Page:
A collection of final timeless reflections from Elie Wiesel (1928-2016).
Chicago Tribune veteran Reich (Portraits in Jazz: 80 Profiles of Jazz Legends, Renegades and Revolutionaries, 2014, etc.), whose parents were survivors of the Holocaust, looks back on his greatest opportunity as a writer and journalist: numerous conversations with the Nobel laureate. This brief but moving work artfully intertwines Wiesel’s words of wisdom with Reich’s quest to further understand his own family’s untold story. The author recalls a youth colored by his parents’ trauma and yet lived in silence, as their experiences during the Holocaust were utterly unspoken topics. Only later in life, when Reich’s father was dead and his mother was struggling with the delusional effects of PTSD, was he able to fully understand their stories. His fortuitous friendship with Wiesel helped him in this quest. In many ways, Reich’s book is a reflection on the lives of the children of Holocaust survivors rather than the survivors themselves. This generation, raised in the shadow of the Holocaust but often without a clear picture of what it really meant for their parents, carries its own particular burden. It is a burden Reich feels keenly and which Wiesel fully appreciated. Beyond calling on the children to do away with feelings of guilt, Wiesel embraces their worth: “To be a child of survivors is to be miraculous. What had to be done for a child to be born! For the survivors to overcome fear.” In their conversations, Reich and Wiesel cover many topics, including anti-Semitism, Israel, forgiveness, and faith. Wiesel’s mindset is almost universally positive, and he never judges the conclusions of other survivors, consistently choosing a path of hope and compassion. Reich does an admirable job of complementing his subject’s sage words with his own perspective without in any way detracting or distracting from it—no easy task yet one the author accomplishes with aplomb.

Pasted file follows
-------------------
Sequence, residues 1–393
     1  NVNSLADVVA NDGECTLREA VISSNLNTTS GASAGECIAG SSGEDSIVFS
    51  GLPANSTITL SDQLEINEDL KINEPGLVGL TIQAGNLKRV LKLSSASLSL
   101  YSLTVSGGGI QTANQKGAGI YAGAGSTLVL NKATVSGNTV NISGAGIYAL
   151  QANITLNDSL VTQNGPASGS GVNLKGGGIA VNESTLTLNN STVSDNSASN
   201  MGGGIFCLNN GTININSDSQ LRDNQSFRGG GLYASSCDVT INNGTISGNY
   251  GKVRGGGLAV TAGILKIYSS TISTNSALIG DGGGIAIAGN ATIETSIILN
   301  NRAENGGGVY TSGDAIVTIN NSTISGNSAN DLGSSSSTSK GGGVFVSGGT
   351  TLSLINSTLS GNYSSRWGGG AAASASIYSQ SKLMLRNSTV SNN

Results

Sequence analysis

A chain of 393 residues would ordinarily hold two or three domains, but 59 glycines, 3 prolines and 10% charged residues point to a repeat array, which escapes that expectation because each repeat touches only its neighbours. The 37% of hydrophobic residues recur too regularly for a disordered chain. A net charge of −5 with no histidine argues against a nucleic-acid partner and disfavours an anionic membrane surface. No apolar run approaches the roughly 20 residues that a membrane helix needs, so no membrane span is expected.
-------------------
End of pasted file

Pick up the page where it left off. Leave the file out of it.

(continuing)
Irreplaceable thoughts from a vanishing generation.